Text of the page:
Geologic Hazards Science Center
The Geologic Hazards Science Center (GHSC), on the Colorado School of Mines campus, is home to the National Earthquake Information Center (NEIC), many scientists in the Earthquake Hazards Program and Landslide Hazards Program, as well as the Geomagnetism Program staff.
Earthquake Hazards Program
The Earthquake Hazards Program provides research and information products for earthquake loss reduction, including hazard and risk assessments, comprehensive real-time earthquake monitoring, and public outreach.Earthquake Hazards
Landslide Hazards Program
The National Landslide Hazards Program strives to reduce long-term losses from landslide hazards by improving our understanding of the causes of ground failure and suggesting mitigation strategies.Landslide Hazards
The Geomagnetism Program provides continuous records of magnetic field variations; disseminates magnetic data; and conducts research into the nature of geomagnetic variations for purposes of scientific understanding and hazard mitigation.Geomagnetism
Early on the morning of August 24, 2014, Loren Turner was awoken by clattering window blinds, a moving bed, and the sound of water splashing out of his backyard pool. He experienced what is now named the “South Napa Earthquake.”
Small variations in the density of the earth’s crust—undetectable to humans without sensitive instruments—influence where earthquakes may occur in the central United States. These new findings from the U.S. Geological Survey, published today in Nature Communications, may allow scientists to map where future seismicity in the center of the country is most likely.
The U. S. Geological Survey is seeking volunteers to host temporary seismic stations in the Walnut Creek/Pleasant Hill/Concord California area. Volunteers will be assisting with a new ground motion study that will begin in March 2017.
Alternative rupture-scaling relationships for subduction interface and other offshore environments
Alternative fault-rupture-scaling relationships are developed for Mw 7.1– 9.5 subduction interface earthquakes using a new database of consistently derived finitefault rupture models from teleseismic inversion. Scaling relationships are derived for rupture area, rupture length, rupture width, maximum slip, and average slip. These relationships...Allen, Trevor; Hayes, Gavin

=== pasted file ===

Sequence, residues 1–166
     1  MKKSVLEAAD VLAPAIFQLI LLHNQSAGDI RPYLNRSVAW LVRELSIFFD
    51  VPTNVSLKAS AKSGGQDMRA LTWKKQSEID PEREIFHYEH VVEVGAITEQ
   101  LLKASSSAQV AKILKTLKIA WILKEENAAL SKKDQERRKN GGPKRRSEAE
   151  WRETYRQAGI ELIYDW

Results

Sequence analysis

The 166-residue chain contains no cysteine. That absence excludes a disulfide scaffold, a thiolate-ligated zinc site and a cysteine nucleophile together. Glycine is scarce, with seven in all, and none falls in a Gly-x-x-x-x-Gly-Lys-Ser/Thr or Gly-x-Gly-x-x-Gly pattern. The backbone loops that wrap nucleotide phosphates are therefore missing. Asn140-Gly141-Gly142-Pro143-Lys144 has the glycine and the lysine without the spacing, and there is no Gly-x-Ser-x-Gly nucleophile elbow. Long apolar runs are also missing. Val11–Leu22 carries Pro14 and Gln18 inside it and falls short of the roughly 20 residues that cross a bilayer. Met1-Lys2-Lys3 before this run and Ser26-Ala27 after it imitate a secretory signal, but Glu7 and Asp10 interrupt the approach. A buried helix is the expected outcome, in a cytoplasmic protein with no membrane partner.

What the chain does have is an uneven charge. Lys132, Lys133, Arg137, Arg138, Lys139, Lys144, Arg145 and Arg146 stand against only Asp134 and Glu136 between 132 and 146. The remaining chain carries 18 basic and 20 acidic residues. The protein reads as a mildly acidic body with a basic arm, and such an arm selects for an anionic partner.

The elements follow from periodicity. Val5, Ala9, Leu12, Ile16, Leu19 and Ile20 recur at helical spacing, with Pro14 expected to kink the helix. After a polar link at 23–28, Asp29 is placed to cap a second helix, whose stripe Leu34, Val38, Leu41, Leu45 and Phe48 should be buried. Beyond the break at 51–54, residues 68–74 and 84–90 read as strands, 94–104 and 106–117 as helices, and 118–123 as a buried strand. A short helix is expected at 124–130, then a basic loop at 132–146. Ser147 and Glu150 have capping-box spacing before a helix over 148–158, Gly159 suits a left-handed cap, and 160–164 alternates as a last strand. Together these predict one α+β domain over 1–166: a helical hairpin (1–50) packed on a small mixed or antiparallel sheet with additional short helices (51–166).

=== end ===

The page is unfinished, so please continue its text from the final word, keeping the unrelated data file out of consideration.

Limiting the effects of earthquakes on gravitational-wave interferometers
Ground-based gravitational wave interferometers such as the Laser Interferometer Gravitational-wave Observatory (LIGO) are susceptible to ground shaking from high-magnitude teleseismic events, which can interrupt their operation in science mode and significantly reduce their duty cycle. It can take several hours for a detector to stabilize enough...Coughlin, Michael; Earle, Paul; Harms, Jan; Biscans, Sebastien; Buchanan, Christopher; Coughlin, Eric; Donovan, Fred; Fee, Jeremy; Gabbard, Hunter; Guy, Michelle; Mukund, Nikhil; Perry, Matthew
2017 One‐year seismic‐hazard forecast for the central and eastern United States from induced and natural earthquakes
We produce a one‐year 2017 seismic‐hazard forecast for the central and eastern United States from induced and natural earthquakes that updates the 2016 one‐year forecast; this map is intended to provide information to the public and to facilitate the development of induced seismicity forecasting models, methods, and data. The 2017 hazard model...Petersen, Mark D.; Mueller, Charles; Moschetti, Morgan P.; Hoover, Susan M.; Shumway, Allison; McNamara, Daniel E.; Williams, Robert; Llenos, Andrea L.; Ellsworth, William L; Rubinstein, Justin L.; McGarr, Arthur F.; Rukstales, Kenneth S.